News / Africa

    DRC Abuses: UN Calls for 'Credible' Investigation

    M23 rebels in eastern Democratic Republic of Congo (2012 photo)
    M23 rebels in eastern Democratic Republic of Congo (2012 photo)
    Nick Long
    The United Nations has released details of what it calls horrifying abuses committed by the Democratic Republic of Congo's armed forces and by the M23 rebels after heavy fighting in eastern Congo in November of last year.  A report on the abuses documents nearly 200 cases of sexual violence and 13 arbitrary executions of civilians over a two-week period in North Kivu province.

    The U.N. Joint Human Rights Office in the DRC, which wrote the report, says it is not an exhaustive account of all the abuses committed by the Congolese army and the M23 rebels at that time but it gives an insight into what went on.

    The office’s director in the DRC, Scott Campbell, told journalists in Goma on Wednesday that the report is based on 350 interviews with victims and witnesses.

    He said its main conclusions are that during two weeks beginning November 20, Congolese army troops were responsible for at least 135 cases of sexual violence and two arbitrary executions, while the M23 rebels were responsible for at least 58 rapes and 11 arbitrary executions.

    The researchers found the government troops’ abuses were mainly committed after they had retreated in disorder to the town of Minova, where soldiers looted houses and raped at least 102 women, and 33 girls aged from 6 and 17.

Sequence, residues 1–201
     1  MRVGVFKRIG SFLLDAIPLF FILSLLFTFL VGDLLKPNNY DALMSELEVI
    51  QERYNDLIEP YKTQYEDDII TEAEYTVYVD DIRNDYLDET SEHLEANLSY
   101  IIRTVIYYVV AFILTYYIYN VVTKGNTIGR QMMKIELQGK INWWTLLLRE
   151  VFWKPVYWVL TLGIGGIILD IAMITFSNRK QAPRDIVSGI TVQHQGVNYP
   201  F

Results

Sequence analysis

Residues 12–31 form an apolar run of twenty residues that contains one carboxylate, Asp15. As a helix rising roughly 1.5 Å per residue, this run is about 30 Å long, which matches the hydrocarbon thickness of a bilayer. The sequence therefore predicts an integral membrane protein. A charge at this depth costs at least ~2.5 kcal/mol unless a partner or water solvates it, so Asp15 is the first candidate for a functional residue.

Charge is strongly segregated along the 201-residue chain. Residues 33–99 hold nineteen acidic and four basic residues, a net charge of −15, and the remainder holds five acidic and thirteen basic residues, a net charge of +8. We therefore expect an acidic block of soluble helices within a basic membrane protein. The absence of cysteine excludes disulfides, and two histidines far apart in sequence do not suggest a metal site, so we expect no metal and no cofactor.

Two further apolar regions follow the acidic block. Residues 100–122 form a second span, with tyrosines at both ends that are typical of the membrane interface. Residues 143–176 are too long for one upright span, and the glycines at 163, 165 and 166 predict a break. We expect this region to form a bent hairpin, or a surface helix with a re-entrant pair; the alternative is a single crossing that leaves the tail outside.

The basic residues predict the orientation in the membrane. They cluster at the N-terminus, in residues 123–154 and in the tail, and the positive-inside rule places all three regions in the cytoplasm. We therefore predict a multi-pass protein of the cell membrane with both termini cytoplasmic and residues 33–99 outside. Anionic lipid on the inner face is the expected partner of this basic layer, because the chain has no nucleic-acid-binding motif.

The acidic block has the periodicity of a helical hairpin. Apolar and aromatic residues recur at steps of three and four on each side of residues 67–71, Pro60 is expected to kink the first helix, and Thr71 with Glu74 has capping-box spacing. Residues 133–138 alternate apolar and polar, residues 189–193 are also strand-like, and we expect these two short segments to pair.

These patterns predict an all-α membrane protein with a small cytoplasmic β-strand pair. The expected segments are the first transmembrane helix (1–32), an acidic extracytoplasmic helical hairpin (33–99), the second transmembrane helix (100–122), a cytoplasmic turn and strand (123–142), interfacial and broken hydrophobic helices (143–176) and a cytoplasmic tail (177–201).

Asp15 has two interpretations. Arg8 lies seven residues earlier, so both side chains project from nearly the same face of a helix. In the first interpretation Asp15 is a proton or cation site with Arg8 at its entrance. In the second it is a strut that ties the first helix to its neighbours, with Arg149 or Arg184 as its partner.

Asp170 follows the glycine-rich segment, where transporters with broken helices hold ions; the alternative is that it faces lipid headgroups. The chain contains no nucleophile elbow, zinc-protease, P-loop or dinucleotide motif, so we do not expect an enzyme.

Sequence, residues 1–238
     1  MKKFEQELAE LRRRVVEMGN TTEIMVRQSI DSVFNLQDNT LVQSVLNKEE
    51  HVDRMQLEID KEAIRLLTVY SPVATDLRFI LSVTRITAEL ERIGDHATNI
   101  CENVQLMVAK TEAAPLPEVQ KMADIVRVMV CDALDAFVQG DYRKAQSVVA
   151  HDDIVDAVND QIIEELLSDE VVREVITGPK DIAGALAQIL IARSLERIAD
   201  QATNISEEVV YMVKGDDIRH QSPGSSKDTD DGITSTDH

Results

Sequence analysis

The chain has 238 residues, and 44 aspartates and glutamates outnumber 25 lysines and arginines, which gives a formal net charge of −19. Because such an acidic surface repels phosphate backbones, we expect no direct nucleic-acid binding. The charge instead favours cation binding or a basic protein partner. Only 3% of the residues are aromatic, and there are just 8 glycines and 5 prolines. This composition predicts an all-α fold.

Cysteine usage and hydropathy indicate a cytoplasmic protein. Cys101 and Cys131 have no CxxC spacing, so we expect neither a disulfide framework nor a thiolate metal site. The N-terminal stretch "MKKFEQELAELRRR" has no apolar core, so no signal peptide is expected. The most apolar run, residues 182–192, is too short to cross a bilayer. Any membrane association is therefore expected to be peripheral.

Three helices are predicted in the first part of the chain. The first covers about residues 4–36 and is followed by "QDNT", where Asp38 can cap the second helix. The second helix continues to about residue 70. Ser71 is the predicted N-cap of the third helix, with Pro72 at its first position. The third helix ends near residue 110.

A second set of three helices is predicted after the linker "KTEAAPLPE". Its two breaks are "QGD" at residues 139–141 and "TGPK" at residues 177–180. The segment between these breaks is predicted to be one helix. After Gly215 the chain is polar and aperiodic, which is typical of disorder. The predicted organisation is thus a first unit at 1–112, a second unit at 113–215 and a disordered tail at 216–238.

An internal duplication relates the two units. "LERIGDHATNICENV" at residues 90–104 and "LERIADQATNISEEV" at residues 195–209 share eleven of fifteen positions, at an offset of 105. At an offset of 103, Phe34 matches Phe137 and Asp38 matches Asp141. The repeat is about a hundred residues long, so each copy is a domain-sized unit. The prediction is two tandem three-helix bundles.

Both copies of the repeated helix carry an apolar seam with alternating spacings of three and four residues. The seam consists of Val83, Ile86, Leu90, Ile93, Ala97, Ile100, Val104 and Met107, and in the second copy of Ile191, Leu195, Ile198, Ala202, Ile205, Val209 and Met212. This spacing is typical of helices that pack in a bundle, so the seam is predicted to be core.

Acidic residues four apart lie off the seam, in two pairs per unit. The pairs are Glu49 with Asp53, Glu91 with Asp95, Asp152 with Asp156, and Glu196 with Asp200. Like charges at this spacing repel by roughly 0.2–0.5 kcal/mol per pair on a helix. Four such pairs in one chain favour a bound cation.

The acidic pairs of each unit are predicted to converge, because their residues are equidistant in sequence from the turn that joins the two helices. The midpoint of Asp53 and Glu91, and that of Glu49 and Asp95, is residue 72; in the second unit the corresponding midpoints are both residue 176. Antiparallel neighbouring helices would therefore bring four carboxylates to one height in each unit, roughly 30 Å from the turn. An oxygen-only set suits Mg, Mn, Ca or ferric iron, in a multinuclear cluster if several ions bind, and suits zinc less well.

A few weeks later the DRC authorities launched an investigation. They have since suspended 12 army officers.

    The commander of the U.N. police detachment in Congo, General Abdallah Wafy, who also presented the report on Wednesday, was asked by a journalist if the U.N. was satisfied by the government’s response.

    He says yes and no, yes insofar as the U.N. recognizes the authorities’ willingness to carry out an investigation and suspend army officers, but he says the U.N. is still awaiting the outcome.  Wafy added that the actions taken by the government so far are significant and show a considerable advance on their attitude to these kinds of accusations a few years ago.

    He says these are not just low-ranking officers that have been suspended.  And he adds that the U.N. is continuing to put pressure on the authorities to follow through on their investigation and bring those responsible to trial.

    The U.N. secretary-general’s special representative in Congo, Roger Meece, has said he welcomes the measures taken so far by the Congolese authorities.

    He has also called for the ongoing investigation to be pursued in an independent and credible fashion, and for justice to be delivered to the victims.

    As for the M23, they do not appear to have launched any investigation into their alleged abuses.

    Scott Campbell says that in contrast to the government, the M23 simply issued a statement denying that they were involved in the abuses committed in Goma.  

    The U.N. has warned that the violations outlined in the report may constitute international crimes under human rights law.

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